JEDDAH - “Coordinated action to bring about rapid growth” is the way forward for the GCC region, the first-ever Wharton Global Alumni Forum held in Dubai recently said.
“Growth is not an option,” concluded the experts, “staying the course and doubling the speed of economic growth through diversification” should be the thumb-rule.
The final panel discussion on the “The Impact of the Financial Crisis on the Middle East” at the forum served as an effective recap of the two-day event, reiterating the need to create job opportunities for the 5 million plus Arab youth who will join the workforce in less than a decade.
The panel was unanimous in the observation that the lesson from the crisis was the need to have “balance” and that “fundamentals count.”
Al-Abdullah added that the recovery of the commodity-led GCC region will be faster than the US or Europe, principally led by the high growth rates of China and India.
Professor Richard Marston, James R. F. Guy professor of Finance at The Wharton School, presented a stark and harsh picture of the current crisis, highlighting that the concept of other economies decoupling from the US has been “shown to be a silly idea.” He said the world has seen serious deterioration in wealth.
Marston said the real estate sector will be slower in emerging from the crisis, saying “if we have to wait for the housing sector to recover, it will be a long recession.” The equity markets, the panel observed, could recover in three years while the housing sector might take a further two years.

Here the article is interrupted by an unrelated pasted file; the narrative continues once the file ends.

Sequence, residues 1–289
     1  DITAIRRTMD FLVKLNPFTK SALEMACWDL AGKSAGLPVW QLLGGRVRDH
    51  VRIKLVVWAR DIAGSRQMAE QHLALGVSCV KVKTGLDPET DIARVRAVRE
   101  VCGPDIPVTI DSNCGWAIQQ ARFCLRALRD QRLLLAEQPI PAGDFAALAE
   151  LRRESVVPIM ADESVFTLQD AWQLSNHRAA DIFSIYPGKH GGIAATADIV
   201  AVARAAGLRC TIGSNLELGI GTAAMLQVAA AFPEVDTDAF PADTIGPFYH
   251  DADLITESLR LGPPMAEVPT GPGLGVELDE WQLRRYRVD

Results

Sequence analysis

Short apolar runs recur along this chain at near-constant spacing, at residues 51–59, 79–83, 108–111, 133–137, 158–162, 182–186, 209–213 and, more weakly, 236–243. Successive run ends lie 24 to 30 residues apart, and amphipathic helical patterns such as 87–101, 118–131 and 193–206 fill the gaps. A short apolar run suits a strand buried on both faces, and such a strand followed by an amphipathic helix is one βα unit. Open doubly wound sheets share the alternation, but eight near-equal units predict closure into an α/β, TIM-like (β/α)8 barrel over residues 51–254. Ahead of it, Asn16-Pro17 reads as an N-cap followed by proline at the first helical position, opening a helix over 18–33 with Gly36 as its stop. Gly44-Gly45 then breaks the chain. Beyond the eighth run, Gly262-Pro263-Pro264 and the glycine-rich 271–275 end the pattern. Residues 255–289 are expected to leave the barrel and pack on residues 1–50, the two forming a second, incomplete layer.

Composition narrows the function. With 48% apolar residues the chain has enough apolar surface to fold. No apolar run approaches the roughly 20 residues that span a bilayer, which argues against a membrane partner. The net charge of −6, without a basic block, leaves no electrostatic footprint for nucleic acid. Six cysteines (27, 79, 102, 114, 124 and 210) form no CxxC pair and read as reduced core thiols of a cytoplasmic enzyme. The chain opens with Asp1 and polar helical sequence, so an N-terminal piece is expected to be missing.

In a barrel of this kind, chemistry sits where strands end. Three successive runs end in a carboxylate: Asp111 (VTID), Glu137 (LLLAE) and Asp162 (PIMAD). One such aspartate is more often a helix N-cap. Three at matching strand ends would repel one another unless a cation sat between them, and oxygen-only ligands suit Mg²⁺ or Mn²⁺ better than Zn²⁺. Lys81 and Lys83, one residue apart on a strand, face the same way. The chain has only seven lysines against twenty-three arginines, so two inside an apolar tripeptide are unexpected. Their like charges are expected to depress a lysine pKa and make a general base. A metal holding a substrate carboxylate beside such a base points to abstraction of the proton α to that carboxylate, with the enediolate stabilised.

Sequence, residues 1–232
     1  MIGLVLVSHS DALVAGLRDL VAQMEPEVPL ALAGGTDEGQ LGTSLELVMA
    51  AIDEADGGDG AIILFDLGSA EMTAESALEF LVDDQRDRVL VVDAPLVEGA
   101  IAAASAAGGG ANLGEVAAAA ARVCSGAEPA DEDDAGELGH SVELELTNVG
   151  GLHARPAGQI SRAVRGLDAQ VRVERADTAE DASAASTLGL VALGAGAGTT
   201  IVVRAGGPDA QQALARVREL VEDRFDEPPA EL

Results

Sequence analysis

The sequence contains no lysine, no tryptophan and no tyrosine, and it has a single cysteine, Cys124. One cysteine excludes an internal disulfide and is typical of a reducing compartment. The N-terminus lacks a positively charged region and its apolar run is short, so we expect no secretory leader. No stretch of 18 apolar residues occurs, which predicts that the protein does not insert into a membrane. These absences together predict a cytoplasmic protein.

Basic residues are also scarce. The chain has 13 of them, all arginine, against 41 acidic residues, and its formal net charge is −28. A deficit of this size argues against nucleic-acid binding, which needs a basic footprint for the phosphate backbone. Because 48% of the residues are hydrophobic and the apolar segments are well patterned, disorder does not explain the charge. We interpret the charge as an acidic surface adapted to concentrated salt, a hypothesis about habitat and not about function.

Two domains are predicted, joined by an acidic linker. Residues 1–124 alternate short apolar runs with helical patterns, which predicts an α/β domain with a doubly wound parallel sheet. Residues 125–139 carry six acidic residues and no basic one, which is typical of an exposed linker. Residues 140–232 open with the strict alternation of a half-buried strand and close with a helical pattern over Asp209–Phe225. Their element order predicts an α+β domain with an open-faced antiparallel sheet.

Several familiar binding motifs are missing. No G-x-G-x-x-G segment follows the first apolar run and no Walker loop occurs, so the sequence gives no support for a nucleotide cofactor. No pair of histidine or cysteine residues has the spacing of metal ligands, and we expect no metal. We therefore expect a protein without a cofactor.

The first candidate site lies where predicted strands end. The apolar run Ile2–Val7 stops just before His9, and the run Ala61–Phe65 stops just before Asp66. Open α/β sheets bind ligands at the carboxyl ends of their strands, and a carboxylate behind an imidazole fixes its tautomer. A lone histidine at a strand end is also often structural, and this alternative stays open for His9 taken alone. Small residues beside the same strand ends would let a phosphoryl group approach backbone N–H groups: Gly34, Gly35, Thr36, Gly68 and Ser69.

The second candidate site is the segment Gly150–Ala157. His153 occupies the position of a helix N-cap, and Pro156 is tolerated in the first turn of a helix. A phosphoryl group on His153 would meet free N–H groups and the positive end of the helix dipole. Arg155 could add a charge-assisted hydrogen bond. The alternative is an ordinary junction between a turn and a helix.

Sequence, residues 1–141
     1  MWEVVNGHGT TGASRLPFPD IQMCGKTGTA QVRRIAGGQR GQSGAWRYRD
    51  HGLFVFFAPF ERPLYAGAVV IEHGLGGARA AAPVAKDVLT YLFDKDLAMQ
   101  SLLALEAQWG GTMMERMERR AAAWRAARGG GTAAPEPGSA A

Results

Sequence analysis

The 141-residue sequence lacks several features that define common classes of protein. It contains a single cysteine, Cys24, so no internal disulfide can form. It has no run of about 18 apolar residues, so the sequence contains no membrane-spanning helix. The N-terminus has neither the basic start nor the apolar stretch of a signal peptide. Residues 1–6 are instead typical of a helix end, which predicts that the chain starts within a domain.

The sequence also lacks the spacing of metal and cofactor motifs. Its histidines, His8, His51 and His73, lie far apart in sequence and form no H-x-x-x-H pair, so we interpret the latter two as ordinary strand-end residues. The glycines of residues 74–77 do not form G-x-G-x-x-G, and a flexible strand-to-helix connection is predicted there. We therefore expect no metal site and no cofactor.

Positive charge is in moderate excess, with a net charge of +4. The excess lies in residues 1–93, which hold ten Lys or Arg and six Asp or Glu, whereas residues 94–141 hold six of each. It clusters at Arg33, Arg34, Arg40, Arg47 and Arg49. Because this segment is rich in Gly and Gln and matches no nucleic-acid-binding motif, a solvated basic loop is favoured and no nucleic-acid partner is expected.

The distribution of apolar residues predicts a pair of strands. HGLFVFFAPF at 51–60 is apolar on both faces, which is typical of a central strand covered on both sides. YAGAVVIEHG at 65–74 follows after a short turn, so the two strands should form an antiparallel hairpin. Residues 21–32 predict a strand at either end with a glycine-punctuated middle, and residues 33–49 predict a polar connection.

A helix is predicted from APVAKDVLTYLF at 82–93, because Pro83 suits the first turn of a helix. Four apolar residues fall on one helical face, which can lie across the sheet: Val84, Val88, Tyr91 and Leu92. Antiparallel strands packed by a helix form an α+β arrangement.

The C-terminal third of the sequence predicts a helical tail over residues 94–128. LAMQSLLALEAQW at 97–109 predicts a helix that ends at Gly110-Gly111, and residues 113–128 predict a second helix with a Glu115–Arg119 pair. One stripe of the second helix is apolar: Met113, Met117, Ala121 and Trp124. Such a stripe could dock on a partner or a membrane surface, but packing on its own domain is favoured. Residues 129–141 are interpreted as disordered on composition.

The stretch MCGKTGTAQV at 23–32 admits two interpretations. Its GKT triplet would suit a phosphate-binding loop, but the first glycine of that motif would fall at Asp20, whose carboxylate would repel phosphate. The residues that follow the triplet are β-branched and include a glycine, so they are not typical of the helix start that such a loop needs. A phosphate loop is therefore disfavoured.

Hussein Ali Al-Abdullah, executive director, Qatar Investment Authority, observed that in these volatile times, the best solution is “inaction” at least for the next 6 months to one year. He said that the global economic revival will take at least four years adding that the fall-out of the crisis is marked by increasing debt ratios and default rates.
Sheikh Mohammed Essa Al-Khalifa, chief executive, Bahrain Economic Development Board, presented a more optimistic viewpoint, saying that in the 300 year-history of capitalism, the world has seen at least 30 cycles of booms and busts. “It is a cycle and the economy will come back.” He attributed three reasons for the volatility in the Middle East markets - “fall in oil prices, declining asset prices and reduced access to global credit.” Explaining that the crisis in the GCC region is “not structural,” he said the surpluses of the Gulf economies will drive its recovery.
Ghassan Barrage, senior executive adviser, Booz & Company, Saudi Arabia, underscored the need to create job opportunities for the estimated 5 million Arab youth who will join the workforce in less than a decade, and recommended that GCC economies stay the course with a focus on doubling the speed of economic growth. He also urged to invest further in knowledge-based industries, with a simultaneous focus on capability building, making the economic agenda the ‘national agenda’ and bringing in performance management systems.
Ken Costa, chairman, Lazard International, observed that unusual means are needed to manage the crisis with the critical priority to be accorded for “restoration of confidence. He said that the GCC region came into the crisis on a much stronger note, and coordinated initiatives are now needed to restore confidence in the banking sector for economic growth.